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“Monsters are real, and ghosts are real, too. They live inside us, and sometimes, they win.” ~Stephen King We left the Worland RV Park, gassed up, got some foam strip from a local hardware store to beef up the foam on the inside rim of the tool box to keep road dust out, dropped some postcards at the post office, and headed to Red Gulch Dinosaur Tracks outside of Greybull, Wyoming and on BLM land. What a cool place! The tracks were discovered in 1997 by some hikers in the area. The first thing they noticed were the ripples of fossilized sand from an ancient beach. They notified someone at BLM and the paleontologists they called were thrilled—for lots of reasons. These tracks are in a wide area and tell them things about how dinosaurs move, their overall size and weight, that (these ones at least) likely traveled in social groups of different sizes, and more. They were also able to date them as being about 167 million years old (by the fossil layer above), which adds critical information to the dinosaur timeline in the US. There are so few North American fossil remains of dinosaurs from the Middle Jurassic that they don’t even know for sure what dinosaur made these tracks. It was some sort of three-toed Theropod that walked on two legs and ate meat, and that’s about all they know. These guys’ hips are estimated to be about as high as my ribcage and their stride was just at the limit of my stride. They walked at roughly 4mph across this sandy stretch. 167 million years ago, the Sundance Sea (located in the Ancient Big Horn Basin, which was actually closer to the equator back then, before the continents shifted, about where Cancun, Mexico is now, so very warm) dried up enough to leave algal, sandy edges which the dinosaurs walked through. When the water level rose again, the tracks were covered by silt and eventually hardened, preserving both the tracks and the sandy ripples in this wide area of rock dubbed The Ballroom by scientists, thereby conjuring up (for me at least) a group of waltzing dinosaurs. Walking in your footsteps Then the best thing of all—a personal highlight, for sure—was locating one Theropod’s track and walking in its footsteps from edge to edge, my footprints in his (or hers), shoes off so as not to damage the impressions in any way, but also to be as close to the ancient reptile as possible, while in my head, the deliciously haunting song “Walking in Your Footsteps” (The Police) played on. There were also a bunch...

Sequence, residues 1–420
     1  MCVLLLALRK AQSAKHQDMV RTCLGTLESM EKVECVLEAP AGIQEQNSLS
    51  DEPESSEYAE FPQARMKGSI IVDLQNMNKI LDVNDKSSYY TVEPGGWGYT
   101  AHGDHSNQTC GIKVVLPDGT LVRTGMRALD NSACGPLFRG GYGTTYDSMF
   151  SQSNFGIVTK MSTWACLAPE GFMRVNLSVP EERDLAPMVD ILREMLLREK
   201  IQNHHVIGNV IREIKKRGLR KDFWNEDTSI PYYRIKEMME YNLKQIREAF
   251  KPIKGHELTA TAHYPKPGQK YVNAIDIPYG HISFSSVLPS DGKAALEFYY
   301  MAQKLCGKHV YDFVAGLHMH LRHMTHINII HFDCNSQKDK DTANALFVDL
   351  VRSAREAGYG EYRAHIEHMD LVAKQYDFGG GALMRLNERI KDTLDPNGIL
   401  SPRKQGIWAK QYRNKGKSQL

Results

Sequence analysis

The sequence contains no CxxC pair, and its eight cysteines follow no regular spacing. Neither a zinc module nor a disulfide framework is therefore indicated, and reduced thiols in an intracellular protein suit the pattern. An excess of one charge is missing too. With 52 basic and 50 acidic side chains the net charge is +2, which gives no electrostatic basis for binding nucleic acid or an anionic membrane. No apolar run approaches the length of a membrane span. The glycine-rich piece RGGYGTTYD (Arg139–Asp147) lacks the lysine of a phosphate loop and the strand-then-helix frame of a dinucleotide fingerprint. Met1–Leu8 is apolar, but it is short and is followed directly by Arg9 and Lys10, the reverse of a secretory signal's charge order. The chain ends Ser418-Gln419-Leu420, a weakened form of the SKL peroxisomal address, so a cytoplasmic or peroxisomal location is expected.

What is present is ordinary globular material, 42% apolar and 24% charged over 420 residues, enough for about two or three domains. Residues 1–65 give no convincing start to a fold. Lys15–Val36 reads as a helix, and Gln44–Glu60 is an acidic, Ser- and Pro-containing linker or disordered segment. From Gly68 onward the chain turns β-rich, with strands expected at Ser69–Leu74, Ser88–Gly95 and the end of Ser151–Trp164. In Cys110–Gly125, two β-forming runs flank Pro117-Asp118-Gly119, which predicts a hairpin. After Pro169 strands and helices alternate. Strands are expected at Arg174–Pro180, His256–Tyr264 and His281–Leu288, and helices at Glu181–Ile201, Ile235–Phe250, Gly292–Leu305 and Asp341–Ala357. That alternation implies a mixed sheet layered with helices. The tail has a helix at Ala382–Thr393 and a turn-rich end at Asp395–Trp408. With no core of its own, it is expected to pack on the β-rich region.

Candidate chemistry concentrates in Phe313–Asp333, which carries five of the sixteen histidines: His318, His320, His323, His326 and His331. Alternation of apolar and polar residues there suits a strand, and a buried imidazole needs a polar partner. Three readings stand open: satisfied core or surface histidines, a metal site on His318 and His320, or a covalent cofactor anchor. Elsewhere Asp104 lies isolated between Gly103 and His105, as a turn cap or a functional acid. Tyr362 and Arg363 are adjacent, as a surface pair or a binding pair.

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“Obstacles are those frightful things you see when you take your eyes off your goal.” ~Henry Ford We left the Worland RV Park (only for the day, trailer in-tow) to get back to the repair shop and let them fix a part of the wiring system that was isolated when the wires got ripped out. Len left me at the local McDonald’s which seemed to have the most reliable (free) WiFi in the area. I worked while surreptitiously watching the locals come in and razz one another and shoot the breeze. The woman behind the counter came out with a carafe of coffee and refilled their to-go cups—definitely not your usual McDonald’s atmosphere. It was much more like a small-town café. For the next three hours I got caught up on blog posts, did a little r.kv.r.y. work, and a bit of computer tidying up of the kind that becomes necessary when you’ve been offline for days and barely online for weeks. I’m still feeling really behind in terms of work responsibilities. Fortunately, I have very patient clients, patient literary journal contributors, a patient writing group, and a patient agent. At about noon, Len returned and I went back with him to the repair shop but they were off for lunch, so we opened the galley (chuckwagon!) and I made sandwiches while we waited for them to return. The issue continued for three hours this time as now four—count ‘em—FOUR expert mechanic shops have tried to diagnose this brake issue to no avail. These guys even gave Len a thermometer gun to register the actual amount the brakes were overheating (a good thing, actually, proof that they were HOT). After a couple miles of driving, he clocked the left brake at 101 degrees and the right one at 200. When you’re facing an unsolved/unresolved issue like this—especially one that involves safety—it runs constantly in the back of your brain, distracting you from the duties and pleasures of the moment. It’s like a computer that gets hung up on some process—CPU all being funneled to a program running in the background that may or may not be a destructive virus. We would like to do a reset, please. Ctrl Alt Delete. At around 3pm, Wyoming showed us her WILD side. Hellacious winds kicked up so that we couldn’t even see the road in places for the storm of dust accompanied by lightning, thunder, hail, and finally buckets of rain. Through it all the wind howled, with (we later learned) gusts of up to 80mph. When it started, it was 83 degrees out. A half an hour later, is was 57...